Bill Belichick prefers left-footed punters. Of course, he does

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Ryan Allen is another in a long line of left-footed punters for the New England Patriots. (Getty Images)

For the most part, lefties are discriminated against in life and some sports. Nothing ever seems to go right for them.

Yes, you get the occasional left-handed pitcher who commands a 10-year, gazillion-dollar contract or the 7-foot-1, lefty behemoth who can block shots by shorter righties, but, for the most part, southpaws are scarce.

Enter Bill Belichick.

A fascinating story by Jenny Vrentas of Sports Illustrated explains why the New England Patriots coach might be impartial to using left-footed punters. (“Might” is the operative word because Belichick would never give up such secretive intel.)

Vrentas points out that pretty much all of Belichick’s punters with the Patriots have been left-footed.

Coincidence or by design? Is there a “D” in Deflategate?

Vrentas notes that while about 10 percent of the general population is left-handed, a third of the punters in the NFL kick left-footed. And, there is just one left-footed kicker.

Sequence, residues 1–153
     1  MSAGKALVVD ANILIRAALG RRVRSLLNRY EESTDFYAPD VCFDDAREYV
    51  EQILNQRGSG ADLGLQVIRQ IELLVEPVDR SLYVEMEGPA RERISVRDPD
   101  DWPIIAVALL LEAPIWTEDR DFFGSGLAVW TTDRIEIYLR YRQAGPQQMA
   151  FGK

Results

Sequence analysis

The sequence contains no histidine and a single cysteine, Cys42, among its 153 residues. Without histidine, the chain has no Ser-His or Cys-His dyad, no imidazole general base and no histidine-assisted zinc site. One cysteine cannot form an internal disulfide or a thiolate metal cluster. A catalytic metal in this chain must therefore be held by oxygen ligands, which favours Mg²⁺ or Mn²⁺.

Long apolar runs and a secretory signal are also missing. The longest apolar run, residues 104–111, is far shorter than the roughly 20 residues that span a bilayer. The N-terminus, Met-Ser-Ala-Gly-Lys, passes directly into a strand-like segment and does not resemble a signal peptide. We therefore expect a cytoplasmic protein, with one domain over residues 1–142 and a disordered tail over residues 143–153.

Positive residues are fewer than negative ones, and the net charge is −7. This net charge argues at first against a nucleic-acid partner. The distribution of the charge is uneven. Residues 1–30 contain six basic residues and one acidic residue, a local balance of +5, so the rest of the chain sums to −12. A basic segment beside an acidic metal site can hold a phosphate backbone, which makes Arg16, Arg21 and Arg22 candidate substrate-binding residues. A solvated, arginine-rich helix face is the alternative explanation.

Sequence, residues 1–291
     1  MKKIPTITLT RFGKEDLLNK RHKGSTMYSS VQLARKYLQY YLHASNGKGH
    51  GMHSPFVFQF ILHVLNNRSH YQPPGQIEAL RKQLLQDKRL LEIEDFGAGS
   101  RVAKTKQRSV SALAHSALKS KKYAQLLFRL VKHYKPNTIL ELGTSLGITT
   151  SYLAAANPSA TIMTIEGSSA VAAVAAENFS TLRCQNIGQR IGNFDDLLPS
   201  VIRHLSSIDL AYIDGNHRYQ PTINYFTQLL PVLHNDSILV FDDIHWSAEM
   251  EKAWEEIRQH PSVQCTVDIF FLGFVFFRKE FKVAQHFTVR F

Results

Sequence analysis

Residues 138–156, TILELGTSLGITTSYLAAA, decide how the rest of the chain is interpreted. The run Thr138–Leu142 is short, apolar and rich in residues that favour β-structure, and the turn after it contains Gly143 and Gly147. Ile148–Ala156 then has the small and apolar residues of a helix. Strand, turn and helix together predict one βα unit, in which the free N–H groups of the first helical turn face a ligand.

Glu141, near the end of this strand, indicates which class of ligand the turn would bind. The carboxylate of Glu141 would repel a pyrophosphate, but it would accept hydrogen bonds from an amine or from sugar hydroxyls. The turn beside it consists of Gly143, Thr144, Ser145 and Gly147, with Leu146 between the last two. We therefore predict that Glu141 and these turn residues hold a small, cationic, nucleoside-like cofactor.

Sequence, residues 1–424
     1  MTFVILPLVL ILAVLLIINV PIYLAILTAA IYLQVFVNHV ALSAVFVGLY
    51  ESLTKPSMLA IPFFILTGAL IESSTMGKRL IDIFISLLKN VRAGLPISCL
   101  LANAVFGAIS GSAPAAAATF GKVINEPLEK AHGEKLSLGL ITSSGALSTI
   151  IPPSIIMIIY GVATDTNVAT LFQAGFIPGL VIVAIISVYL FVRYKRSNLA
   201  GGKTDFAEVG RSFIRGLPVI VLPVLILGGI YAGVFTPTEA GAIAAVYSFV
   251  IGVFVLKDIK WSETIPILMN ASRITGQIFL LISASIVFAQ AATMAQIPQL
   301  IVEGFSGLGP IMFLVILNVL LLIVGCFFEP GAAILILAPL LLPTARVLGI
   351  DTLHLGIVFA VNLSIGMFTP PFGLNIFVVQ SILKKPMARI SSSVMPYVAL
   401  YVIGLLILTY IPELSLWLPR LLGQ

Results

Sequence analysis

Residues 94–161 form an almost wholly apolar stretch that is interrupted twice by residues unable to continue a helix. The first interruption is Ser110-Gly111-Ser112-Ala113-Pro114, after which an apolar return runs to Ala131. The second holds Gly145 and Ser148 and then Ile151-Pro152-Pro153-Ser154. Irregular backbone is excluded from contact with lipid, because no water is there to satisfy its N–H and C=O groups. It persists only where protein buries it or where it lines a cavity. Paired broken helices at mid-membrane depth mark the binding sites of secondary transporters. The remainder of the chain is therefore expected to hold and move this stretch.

She writes:

The simple answer is that left-footed punts spin the opposite direction, counterclockwise (from the punter’s perspective), presenting an extra challenge for returners who are used to reading a right-footer’s spin. From the punt’s apex, a left-footed ball will fade to the returner’s right, whereas most returners are used to catching right-footed balls that fade to their left. That has the potential to cause a returner to hesitate or, even better for the punting team, to muff the catch. The search for answers usually ends there.

While the muff rate off of a lefty’s foot is higher, there has to be more to Belichick’s penchant for lefties than just the age-old spin spin.

There is.

Vrentas talked with former Patriots punter Zoltan Mesko who suggests that the wind in Gillette Stadium sets up perfectly for a lefty.

Vrentas writes:

If you want to really get in the weeds (we warned you) there’s also the added factor that lefties have a bigger margin for error against the catastrophe of a mishit when punting into the Gillette Stadium wind. That’s because the drop can also be affected by the wind; in this case, a right-to-left current can turn the nose of the ball to the left as it drops from the hand to the foot.

At this point, you’re probably asking as I did, “what happens when the teams change field direction?” Ha. It’s actually more beneficial to the Patriots!

Absolutely fascinating stuff and more proof of Belichick’s genius. You must read in its entirety.

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